c. Emotional stability (100% of patience, determination, focus, attitude) In the case of emotional stability, you should prepare 100% of patience and determination. for you to experience fulfillment in learning new language. When I was started to learn German, I was already aware of the complexity of the language. With all the umlauts, and even their lengthy words (even reaching four separate words combined into one). What I did was I just watched first some German videos from YouTube, and downloaded some basic phrases. I started memorizing all of them. Aside from this, I listened carefully to how Germans talk and pronounce these words. It will be a plus if you have a fluent speaker or a native German-speaker with you guiding all throughout this language acquisition journey. According to Lucas Kern, founder of Leicht-Deutsch-Lernen.com, “Learning a new language is more than learning grammar rules by heart. You need to comprehend what you are reading or listening to and you also need to get familiar withe the pronunciation. There’s a lot to be done!” He added, “If you don’t like grammar, then don’t focus too much on it. It would only frustrate and discourage you.” In learning, you should have some chances or opportunities to practice it.  The more you practice, more chances of retaining the memorized phrases and words just learned. Anthony Metivier, a memorization expert holding a BA and  an MA in English Literature, an MA in Media & Communications, and a Ph.D. in Humanities, narrated to ‘treat language as something you love and not HATE’. As new language learners, you should drop the word hate in learning. Part of experiencing the language, the very basic thing you should do is to set realistic goals that you can achieve in a realistic way and time. d. Have many practice drills Practice, Practice, Practice, Practice On its negative side: In contrast, the experience phase of learning language will necessitate much patience and a great quantity of material to memorize. When learning, the very first step to do and the most basic thing is to MEMORIZE everything! When we say memorize, just focus first on the most commonly used phrases. This can be searched online. Download the file and start memorizing. Doing this will take you much determination and focus to be successful. Patience is also a key here. It took me several months to catch up German common phrases. So, in learning a new language, it will be the best weapon to have is focus. 2. STUDY grammar and familiarize vocabulary by heart. This is the second phase you need to undertake and can be considered as the toughest. Studying a new language will include VOCABULARY and GRAMMAR. As Metivier stated on smartlanguagelearner.com, grammar can have limitation to its usage if you lack vocabulary. There is a direct relationship of learning grammar of the language with learning the vocabulary. “You simply can’t traction with grammar until you have a large pool of words that you understand upon sight. Think of grammar as the engine that requires the fuel of vocabulary in order to run the car of your mind and the headlights of your mouth so that you can drive the highway of language.” Metivier said. After several months of familiarizing words, I watched some videos talking about the German grammar. With the materials downloaded which contains the basic grammar to the language, I started studying it. Of course, the start was so hard. I even need the help from an online German dictionary myself. On the negative side: While learning grammar, it cannot be done properly no matter how much you try if you don’t have the HEART of learning the language. That constitutes the familiarization of the words first. Hence, you need a foreign language dictionary (printed or online) to achieve this phase. Apart from that, a lot of techniques are suggested by experts, but take note that not everything listed may be your best fit. Create strategies that is really applicable to yourself. As what Kern told new German language learners, through experiencing the language, plus with the help of the dictionary plus your dedication, it will help you more to be a fluent speaker of the language. It took me several months of studying German and experiencing it more at the same time (the higher level). Again, it would be a plus if you have a German language proficient or a German native speaker with you to help you out. 3. EFFORT should be 100% to achieve desired goal  to successfully learn a new language Experience the language first through seeing a lot of videos on YouTube or language sites, reading materials both printed and online, familiarizing yourself to many words and phrases. Ethan Zinho, a member of Real Life English Team, a group who is dedicated to helping people learn English through integrating real-life experiences, compared learning styles done to the mother tongue to the complexity of learning English, which is complicated by its many rules and slang. He said that even when learning the mother tongue, it took some years to master it from writing ABCs, until achieving the most complex skills. This is same with acquiring understanding and mastery with the new language. It will take time to learn. Thus, represents effort. Remember, that you cannot get something worthy if you don’t put much effort to it. Based from what I have experienced, it took me longer time to understand this concept. But, if you try to make some creative but effective strategies which you know you can easily manage learning that particular language, it will be. As long as you practice it over and over again. Repetition of usage has always been the most important tool in mastering the language. On the negative side:  This oftentimes create frustrations. A lot of new language learners give up because there is so much of work and effort in order to have such fluency in the language. “Listen and repeat over and over again to audio recordings by native speakers.” Cornelius C. Kubler said. Kubler is a Professor of Asian Studies at the William College, a former Chinese Language Training Supervisor, and the Chair of the Department of Asian and African Languages at the Foreign Service Institute. He is also an author of several Chinese language textbooks. With all of this being presented, second, third and even fourth language acquisition can be deeply satisfying and an asset to you in your life and your career. With so many great options available today, whether at a local college or through online sources, there is no reason you couldn’t give it a try yourself. Remember that success cannot be possible without giving 100% to it. Try it and enjoy your new skill!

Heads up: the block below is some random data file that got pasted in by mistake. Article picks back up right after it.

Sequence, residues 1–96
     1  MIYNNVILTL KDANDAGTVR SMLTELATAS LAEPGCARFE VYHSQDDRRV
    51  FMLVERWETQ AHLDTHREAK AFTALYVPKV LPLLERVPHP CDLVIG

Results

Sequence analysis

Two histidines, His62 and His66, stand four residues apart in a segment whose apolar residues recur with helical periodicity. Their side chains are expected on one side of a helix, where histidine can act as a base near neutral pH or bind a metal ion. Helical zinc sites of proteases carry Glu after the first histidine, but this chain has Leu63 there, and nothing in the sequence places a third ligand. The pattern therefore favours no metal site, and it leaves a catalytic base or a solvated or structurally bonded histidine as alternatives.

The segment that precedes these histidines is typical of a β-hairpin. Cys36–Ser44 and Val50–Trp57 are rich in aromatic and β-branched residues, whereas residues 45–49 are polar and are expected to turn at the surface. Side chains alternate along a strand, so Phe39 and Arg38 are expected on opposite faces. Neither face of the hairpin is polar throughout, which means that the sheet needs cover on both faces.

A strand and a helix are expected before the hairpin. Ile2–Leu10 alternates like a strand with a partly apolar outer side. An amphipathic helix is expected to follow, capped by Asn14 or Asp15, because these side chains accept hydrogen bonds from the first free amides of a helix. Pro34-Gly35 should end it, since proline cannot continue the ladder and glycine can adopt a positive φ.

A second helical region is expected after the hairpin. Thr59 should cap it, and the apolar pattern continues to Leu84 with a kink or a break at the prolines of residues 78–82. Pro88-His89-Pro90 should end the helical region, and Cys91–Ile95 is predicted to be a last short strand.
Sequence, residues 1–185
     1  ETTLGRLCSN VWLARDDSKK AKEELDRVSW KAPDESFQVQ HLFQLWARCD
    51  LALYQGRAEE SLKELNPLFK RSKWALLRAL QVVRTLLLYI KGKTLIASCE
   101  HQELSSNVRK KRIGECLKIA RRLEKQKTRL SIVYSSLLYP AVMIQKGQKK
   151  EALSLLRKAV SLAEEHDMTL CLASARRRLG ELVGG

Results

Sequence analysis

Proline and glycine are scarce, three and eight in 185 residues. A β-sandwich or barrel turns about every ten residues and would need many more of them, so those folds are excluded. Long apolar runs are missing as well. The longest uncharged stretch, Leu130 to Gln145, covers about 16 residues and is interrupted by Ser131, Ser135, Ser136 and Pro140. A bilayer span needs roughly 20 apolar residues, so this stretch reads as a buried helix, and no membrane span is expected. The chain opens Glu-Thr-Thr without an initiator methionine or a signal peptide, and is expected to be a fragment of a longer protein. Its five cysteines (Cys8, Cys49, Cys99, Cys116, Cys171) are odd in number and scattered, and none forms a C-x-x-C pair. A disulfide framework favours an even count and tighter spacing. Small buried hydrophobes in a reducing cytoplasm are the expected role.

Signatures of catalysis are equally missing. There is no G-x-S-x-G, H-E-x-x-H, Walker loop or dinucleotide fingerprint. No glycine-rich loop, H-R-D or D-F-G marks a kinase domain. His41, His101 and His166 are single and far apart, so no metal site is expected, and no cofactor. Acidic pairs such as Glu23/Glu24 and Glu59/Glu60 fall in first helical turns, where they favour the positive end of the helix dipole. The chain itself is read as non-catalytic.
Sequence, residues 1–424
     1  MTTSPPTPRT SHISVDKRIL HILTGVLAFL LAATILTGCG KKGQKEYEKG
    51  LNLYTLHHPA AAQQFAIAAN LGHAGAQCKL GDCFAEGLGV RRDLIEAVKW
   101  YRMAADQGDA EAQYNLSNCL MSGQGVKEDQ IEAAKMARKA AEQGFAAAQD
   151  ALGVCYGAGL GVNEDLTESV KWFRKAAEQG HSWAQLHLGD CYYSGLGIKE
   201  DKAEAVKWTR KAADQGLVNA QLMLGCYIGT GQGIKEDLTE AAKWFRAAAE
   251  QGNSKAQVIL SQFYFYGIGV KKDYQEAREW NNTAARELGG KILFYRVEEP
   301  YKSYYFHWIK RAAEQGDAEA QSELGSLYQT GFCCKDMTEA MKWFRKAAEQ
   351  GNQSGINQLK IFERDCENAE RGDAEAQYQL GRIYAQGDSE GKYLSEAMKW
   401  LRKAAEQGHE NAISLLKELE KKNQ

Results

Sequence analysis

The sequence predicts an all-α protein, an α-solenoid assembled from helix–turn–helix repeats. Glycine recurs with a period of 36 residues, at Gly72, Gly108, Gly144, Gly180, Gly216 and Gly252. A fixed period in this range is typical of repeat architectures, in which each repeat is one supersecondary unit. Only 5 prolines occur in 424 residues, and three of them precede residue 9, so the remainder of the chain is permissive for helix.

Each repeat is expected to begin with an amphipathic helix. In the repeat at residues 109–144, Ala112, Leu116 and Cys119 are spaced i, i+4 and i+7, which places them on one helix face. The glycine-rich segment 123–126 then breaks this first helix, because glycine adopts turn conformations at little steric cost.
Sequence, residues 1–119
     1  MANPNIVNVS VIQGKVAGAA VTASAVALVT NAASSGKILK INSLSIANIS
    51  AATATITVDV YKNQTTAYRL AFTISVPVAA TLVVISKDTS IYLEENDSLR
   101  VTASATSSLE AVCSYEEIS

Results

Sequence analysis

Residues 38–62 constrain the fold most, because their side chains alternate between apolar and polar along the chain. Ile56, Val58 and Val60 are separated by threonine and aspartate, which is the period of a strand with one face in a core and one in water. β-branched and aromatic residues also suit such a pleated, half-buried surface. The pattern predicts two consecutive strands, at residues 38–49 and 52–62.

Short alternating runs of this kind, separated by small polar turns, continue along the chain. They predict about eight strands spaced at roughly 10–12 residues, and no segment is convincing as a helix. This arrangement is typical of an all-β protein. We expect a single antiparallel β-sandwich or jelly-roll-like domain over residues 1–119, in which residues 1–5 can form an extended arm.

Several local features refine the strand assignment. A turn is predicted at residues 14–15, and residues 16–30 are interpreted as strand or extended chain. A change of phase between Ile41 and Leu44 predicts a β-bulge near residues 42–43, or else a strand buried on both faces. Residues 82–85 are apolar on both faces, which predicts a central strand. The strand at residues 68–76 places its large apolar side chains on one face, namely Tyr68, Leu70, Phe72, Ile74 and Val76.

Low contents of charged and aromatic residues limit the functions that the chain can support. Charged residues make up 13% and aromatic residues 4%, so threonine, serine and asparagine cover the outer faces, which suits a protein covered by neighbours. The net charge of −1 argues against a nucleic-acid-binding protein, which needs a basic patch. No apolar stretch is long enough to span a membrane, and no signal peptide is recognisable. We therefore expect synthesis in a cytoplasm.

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Featured photo credit: Johan Klovsjö via flickr.com